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Course Title

Artificial Social Intelligence

 

Course Description

The main objective of the proposed course is to provide a comprehensive understanding of Artificial Social Intelligence (ASI). In the broadest sense, ASI encompasses the observation, analysis and synthesis of social phenomena. To this end, ASI merges subfields such as social perception, theory of mind (ToM), and social interaction, focusing on perception, cognitive components, behavior, and psychometric methods for evaluating social abilities.

 

Aligned with SCIoI’s core principles, the course will expand the interdisciplinary approach of Mind & Brain, traditionally encompassing psychology, neuroscience, and humanities, by integrating synthetic sciences such as machine learning, computer vision, and robotics.

 

Targeting students at the master level at the Berlin School of Mind and Brain, the course primarily comprises a lecture series featuring internationally acclaimed scientists from diverse fields, along with SCIoI-PIs. The curriculum is structured into three thematic blocks, each highlighting a crucial aspect of (artificial) social intelligence:

  1. Social Perception: This foundational block focuses on recognizing social features like animacy, agency, or nonverbal display. It encompasses low-level, automatic, and non-conscious visual perception essential for ToM and social interaction.
  1. Theory of Mind (ToM): ToM involves higher-level cognitive reasoning, including understanding beliefs, intents, and desires of others. It revolves around attributing mental states to oneself and others and recognizing differing perspectives and mental constructs.
  1. Social Interaction: This block highlights more complex, multi-agent interactive activities, like verbal and nonverbal communication and cooperation, extending beyond social perception and ToM by adding an interactional perspective.

The thematic blocks have been selected due to their solid foundation in cognitive science and the availability of computational modelling tools. The course will investigate theoretical hypotheses and experimental evidence from cognitive science, presenting AI’s computational parallels. It will also address key challenges in ASI development, including ethical and societal considerations.

 

Course Organizer

Jonas Frenkel

 

Course Format

Lectures will be hybrid, offered both in-person and digitally, and will be recorded for broader access. Similar to the LIFE graduate school of the Max Planck Institute, speakers will be asked for two to three literature recommendations that accompany their lectures. To foster Communication and Cooperation as well as Research Methodology and Critical Analysis, for each lecture, one of the students from the group of the Mind&Brain master students who attend the module will be asked to coordinate a joint lecture session and a collection of questions in regard to the recommended papers to initiate dialogues with the lecturer.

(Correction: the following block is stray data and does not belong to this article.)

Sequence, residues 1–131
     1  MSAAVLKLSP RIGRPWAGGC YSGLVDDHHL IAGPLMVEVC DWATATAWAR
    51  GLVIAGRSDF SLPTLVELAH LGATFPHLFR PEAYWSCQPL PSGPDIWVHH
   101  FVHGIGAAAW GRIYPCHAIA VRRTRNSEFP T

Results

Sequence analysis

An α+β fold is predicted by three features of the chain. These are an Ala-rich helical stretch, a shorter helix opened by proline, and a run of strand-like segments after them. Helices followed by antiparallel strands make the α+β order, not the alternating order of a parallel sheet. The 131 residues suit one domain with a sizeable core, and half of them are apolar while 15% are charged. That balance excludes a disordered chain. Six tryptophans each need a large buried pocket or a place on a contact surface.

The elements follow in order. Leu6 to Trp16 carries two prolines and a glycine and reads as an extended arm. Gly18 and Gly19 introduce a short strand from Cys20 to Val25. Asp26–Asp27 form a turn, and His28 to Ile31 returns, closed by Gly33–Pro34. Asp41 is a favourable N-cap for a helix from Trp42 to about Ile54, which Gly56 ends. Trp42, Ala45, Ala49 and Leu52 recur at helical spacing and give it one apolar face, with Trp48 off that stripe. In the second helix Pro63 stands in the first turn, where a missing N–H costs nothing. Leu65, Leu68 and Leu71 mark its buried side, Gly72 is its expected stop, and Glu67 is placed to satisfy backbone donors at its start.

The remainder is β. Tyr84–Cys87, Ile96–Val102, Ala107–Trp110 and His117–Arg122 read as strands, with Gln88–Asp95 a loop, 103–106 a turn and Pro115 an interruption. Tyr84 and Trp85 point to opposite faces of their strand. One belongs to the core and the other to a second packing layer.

Target Group

The course is designed for Master’s students of the Berlin School of Mind and Brain, particularly those specializing in the “Brain” track. However, it is open to students from other academic backgrounds including those in the “Mind” track, to foster diverse perspectives. This lecture series integrates seamlessly with the Berlin School of Mind & Brains’ scope and existing curriculum. The course aligns with the M&B research objectives, specifically targeting research topic 6, “Human Sociality and the Brain” and incorporating elements of topics 2 and 3, “Decision Making” and “Language”, respectively.

It builds upon and broadens the current educational content in the M&B Master’s program, particularly in Module 2, “Cognitive Neuroscience”, and Module 7, “Language and the Brain”. Additionally, it enhances the research methodologies introduced in Module 3, “Methodology”, by demonstrating the benefits of combining analytical and synthetic research techniques. The course also links to other modules in the Master’s program, notably Module 5, “Clinical Neuroscience”, with a focus on Autism Spectrum disorders, and Module 4, “Ethics and Neuroscience”.

 

Course Structure

The course will consist of a lecture series and an accompanying seminar. The course is divided into 14 sessions, comprising 12 lectures and 2 seminar meetings (at the beginning and at the end of the semester), amounting to 2 SWS in total. A balance of SCIoI PIs and distinguished international scientists will contribute to the lecture series.

In order to pass, a portfolio exam must be taken.

The main components are:

  • Critical reflection on one of the topics covered: Students must summarize and critically reflect on one of the topics covered in a maximum of 3 pages.
  • Developing an own potential research project on one of the topics covered. At the end of the semester, students must independently develop and plan a potential research project and present it in the form of a short exposé.
  • In order to ensure regular preparation for the individual presentations, students must also read 1-2 papers proposed by the speakers before each presentation. They then have to formulate 1-2 questions, which are sent to the speaker before the presentation. This procedure corresponds to the MPI Live Grad School model.

Week 1 Seminar Introduction & Overview ASI

Week 2 Lecture 1 Social Perception 1

Week 3 Lecture 2 Social Perception 2

Week 4 Lecture 3 Social Perception 3

Week 5 Lecture 4 Social Perception 4

Week 6 Lecture 5 Theory of Mind 1

Week 7 Lecture 6 Theory of Mind 2

Week 8 Lecture 7 Theory of Mind 3

Week 9 Lecture 8 Theory of Mind 4

Week 10 Lecture 9 Social Interaction 1

Week 11 Lecture 10 Social Interaction 2

Week 12 Lecture 11 Social Interaction 3

Week 13 Lecture 12 Social Interaction 4

Week 14 Seminar 2 Integration of Course Content & Final Reflections